Debut novel by hip-hop rap artist Sister Souljah, whose No Disrespect (1994), which mixes sexual history with political diatribe, is popular in schools country-wide. In its way, this is a tour de force of black English and underworld slang, as finely tuned to its heroine’s voice as Alice Walker’s The Color Purple. The subject matter, though, has a certain flashiness, like a black Godfather family saga, and the heroine’s eventual fall develops only glancingly from her character. Born to a 14-year-old mother during one of New York’s worst snowstorms, Winter Santiaga is the teenaged daughter of Ricky Santiaga, Brooklyn’s top drug dealer, who lives like an Arab prince and treats his wife and four daughters like a queen and her princesses. Winter lost her virginity at 12 and now focuses unwaveringly on varieties of adolescent self-indulgence: sex and sugar-daddies, clothes, and getting her own way. She uses school only as a stepping-stone for getting out of the house—after all, nobody’s paying her to go there. But if there’s no money in it, why go? Meanwhile, Daddy decides it’s time to move out of Brooklyn to truly fancy digs on Long Island, though this places him in the discomfiting position of not being absolutely hands-on with his dealers; and sure enough the rise of some young Turks leads to his arrest. Then he does something really stupid: he murders his wife’s two weak brothers in jail with him on Riker’s Island and gets two consecutive life sentences. Winter’s then on her own, especially with Bullet, who may have replaced her dad as top hood, though when she selfishly fails to help her pregnant buddy Simone, there’s worse—much worse—to come. Thinness aside: riveting stuff, with language so frank it curls your hair. (Author tour)

Pub Date: April 1, 1999

ISBN: 0-671-02578-3

Page Count: 320

Publisher: Pocket

Review Posted Online: May 20, 2010

Kirkus Reviews Issue: Feb. 1, 1999

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The phrase “tour de force” could have been invented for this audacious novel.

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A LITTLE LIFE

Four men who meet as college roommates move to New York and spend the next three decades gaining renown in their professions—as an architect, painter, actor and lawyer—and struggling with demons in their intertwined personal lives.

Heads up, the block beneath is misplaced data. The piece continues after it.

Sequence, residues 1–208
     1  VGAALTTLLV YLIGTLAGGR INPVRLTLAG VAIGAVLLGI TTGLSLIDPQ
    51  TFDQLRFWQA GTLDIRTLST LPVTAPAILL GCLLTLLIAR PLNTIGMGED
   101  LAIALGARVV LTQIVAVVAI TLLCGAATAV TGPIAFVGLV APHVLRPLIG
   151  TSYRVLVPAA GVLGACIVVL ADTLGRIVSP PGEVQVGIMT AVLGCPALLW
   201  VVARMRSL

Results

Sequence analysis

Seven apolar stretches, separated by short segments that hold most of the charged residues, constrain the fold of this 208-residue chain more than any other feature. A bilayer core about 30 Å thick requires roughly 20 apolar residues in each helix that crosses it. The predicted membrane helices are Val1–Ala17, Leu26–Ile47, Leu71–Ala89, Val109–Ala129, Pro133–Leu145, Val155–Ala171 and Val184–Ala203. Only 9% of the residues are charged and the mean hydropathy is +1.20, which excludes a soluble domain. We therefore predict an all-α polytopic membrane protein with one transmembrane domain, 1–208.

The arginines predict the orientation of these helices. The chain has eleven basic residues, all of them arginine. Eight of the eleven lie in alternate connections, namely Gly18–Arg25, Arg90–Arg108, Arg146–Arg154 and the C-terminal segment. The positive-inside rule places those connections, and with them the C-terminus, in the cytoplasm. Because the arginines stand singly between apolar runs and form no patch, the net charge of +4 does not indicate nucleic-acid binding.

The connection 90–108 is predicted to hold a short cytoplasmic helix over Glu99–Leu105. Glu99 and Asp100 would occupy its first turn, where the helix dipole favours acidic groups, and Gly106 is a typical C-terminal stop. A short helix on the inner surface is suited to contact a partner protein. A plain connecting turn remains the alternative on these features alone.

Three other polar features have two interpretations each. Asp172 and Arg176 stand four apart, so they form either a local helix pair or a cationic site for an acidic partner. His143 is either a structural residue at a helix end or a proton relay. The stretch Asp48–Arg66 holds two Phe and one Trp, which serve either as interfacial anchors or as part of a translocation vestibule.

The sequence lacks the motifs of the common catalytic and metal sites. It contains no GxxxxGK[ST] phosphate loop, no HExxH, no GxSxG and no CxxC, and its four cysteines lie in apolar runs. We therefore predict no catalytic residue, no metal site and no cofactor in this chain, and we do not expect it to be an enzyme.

Yanagihara (The People in the Trees, 2013) takes the still-bold leap of writing about characters who don’t share her background; in addition to being male, JB is African-American, Malcolm has a black father and white mother, Willem is white, and “Jude’s race was undetermined”—deserted at birth, he was raised in a monastery and had an unspeakably traumatic childhood that’s revealed slowly over the course of the book. Two of them are gay, one straight and one bisexual. There isn’t a single significant female character, and for a long novel, there isn’t much plot. There aren’t even many markers of what’s happening in the outside world; Jude moves to a loft in SoHo as a young man, but we don’t see the neighborhood change from gritty artists’ enclave to glitzy tourist destination. What we get instead is an intensely interior look at the friends’ psyches and relationships, and it’s utterly enthralling. The four men think about work and creativity and success and failure; they cook for each other, compete with each other and jostle for each other’s affection. JB bases his entire artistic career on painting portraits of his friends, while Malcolm takes care of them by designing their apartments and houses. When Jude, as an adult, is adopted by his favorite Harvard law professor, his friends join him for Thanksgiving in Cambridge every year. And when Willem becomes a movie star, they all bask in his glow. Eventually, the tone darkens and the story narrows to focus on Jude as the pain of his past cuts deep into his carefully constructed life.  

The phrase “tour de force” could have been invented for this audacious novel.

Pub Date: March 10, 2015

ISBN: 978-0-385-53925-8

Page Count: 720

Publisher: Doubleday

Review Posted Online: Dec. 22, 2014

Kirkus Reviews Issue: Jan. 1, 2015